• Monday, June 17, 2024
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As NNPC limited struggles, Saudi Aramco’s net income surges by 124% to $110 bn

Uproar in oil sector after NNPC favours MRS, AA Rano again

Buoyed by higher crude oil prices, stronger refining margins, and the stronger chemicals business, Saudi Arabia’s majority-owned state-owned firm, Saudi Aramco has announced a 2021 net profit of $110 billion, an amount twice the size of Nigeria’s 2022 budget, indicating how a well-run oil company can provide a lifeline to an economy.

In a season where Nigerian counterpart, the Nigerian National Petroleum Corporation (NNPC) limited, is unable to bail out Nigeria’s troubled economy bogged down by subsidies, Saudi Aramco’s 2021 net income increased by 124percent to $110 billion in 2021, compared to $49 billion in 2020.

“Our strong results are a testament to our financial discipline, flexibility through evolving market conditions and steadfast focus on our long-term growth strategy, which targets value growth for our shareholders,” Aramco CEO Amin Nasser said in an investor conference on Sunday.

Capital expenditure in 2021 was $31.9 billion, an increase of 18% from 2020, primarily driven by increased activities in relation to crude oil increments, the Tanajib Gas Plant and development drilling programs.

Aramco expects 2022 capital expenditure to be approximately $40-50 billion, with further growth expected until around the middle of the decade.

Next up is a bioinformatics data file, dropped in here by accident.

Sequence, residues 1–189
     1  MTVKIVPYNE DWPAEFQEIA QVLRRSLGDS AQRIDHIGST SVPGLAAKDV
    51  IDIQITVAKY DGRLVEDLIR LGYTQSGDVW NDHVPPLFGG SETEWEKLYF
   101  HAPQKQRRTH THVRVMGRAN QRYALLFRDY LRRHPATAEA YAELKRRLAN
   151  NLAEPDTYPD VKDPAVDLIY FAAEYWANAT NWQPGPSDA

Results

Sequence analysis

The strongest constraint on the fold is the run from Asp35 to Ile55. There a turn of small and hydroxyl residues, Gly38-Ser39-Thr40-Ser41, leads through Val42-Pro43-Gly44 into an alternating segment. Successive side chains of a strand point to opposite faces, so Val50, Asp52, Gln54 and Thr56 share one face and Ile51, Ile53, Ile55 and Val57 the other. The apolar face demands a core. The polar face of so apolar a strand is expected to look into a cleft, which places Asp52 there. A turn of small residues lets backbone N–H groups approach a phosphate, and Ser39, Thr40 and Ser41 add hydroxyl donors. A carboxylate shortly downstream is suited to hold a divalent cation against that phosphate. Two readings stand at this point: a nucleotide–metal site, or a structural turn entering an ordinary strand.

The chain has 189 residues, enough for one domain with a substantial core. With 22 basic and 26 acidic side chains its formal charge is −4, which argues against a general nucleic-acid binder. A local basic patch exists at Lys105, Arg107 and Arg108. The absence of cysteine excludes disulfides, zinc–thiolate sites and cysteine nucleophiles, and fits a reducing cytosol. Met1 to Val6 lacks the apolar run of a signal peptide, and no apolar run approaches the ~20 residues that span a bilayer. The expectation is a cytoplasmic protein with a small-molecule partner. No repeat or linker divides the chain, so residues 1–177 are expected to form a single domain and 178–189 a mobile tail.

Aramco also declared a fourth-quarter dividend of $18.8 billion, to be paid in the first quarter of 2022. The dividend is covered by a rise in free-cash-flow to $107.5 billion in 2021, compared to $49.1 billion in 2020.

Aramco said it would recommend that $4 billion in retained earnings be used to pay bonus shares to investors, subject to approval. Under the recommendation, shareholders would receive one bonus share for every 10 shares owned. As a result, the total dividend for 2021 is $75 billion in cash, in addition to bonus shares.

The profit figures are a stark contrast from the company’s 2020 earnings, which saw a 44percent drop on the previous year due to demand collapse brought on by the coronavirus pandemic.

Read also: Only NNPC can explain why $1.2bn was deducted from federation account – NDMPRA

Nasser at the time described Aramco’s 2020 financial year as one of its most “challenging years” in recent history.

The company also said it would invest to increase crude oil production capacity to 13 million barrels per day by 2027, expand its liquid to chemical production, and look to increase gas production by more than 50percent by 2030.

Aramco has also said it wants to achieve net-zero Scope 1 and Scope 2 greenhouse gas emissions across its wholly-owned operating assets by 2050. Scope 1 refers to direct emissions from sources owned or controlled by the company, while Scope 2 covers indirect emissions from the generation of purchased power consumed by the company.

“We’re doing our part, but it’s not enough. Other players in the industry also need to do their part and increase investment,” Nasser said, saying demand for oil will continue to accelerate in coming years.

For most Nigerians who have seen it all in the form of rising inflation, two recessions, and an unemployment rate at the highest levels on record, they would be wishing they are in Saudi Arabia’s shoes with the higher dividend from its state-owned oil corporation.

In 2021, NNPC limited incurred an expense of N1.43 trillion on behalf of the Federal government for an expense called Under-Recovery.

Aside from the payment of subsidy, the company has also had to deal with declining oil production, high oil production costs, making the country unable to enjoy oil proceeds, despite the increasing international oil prices.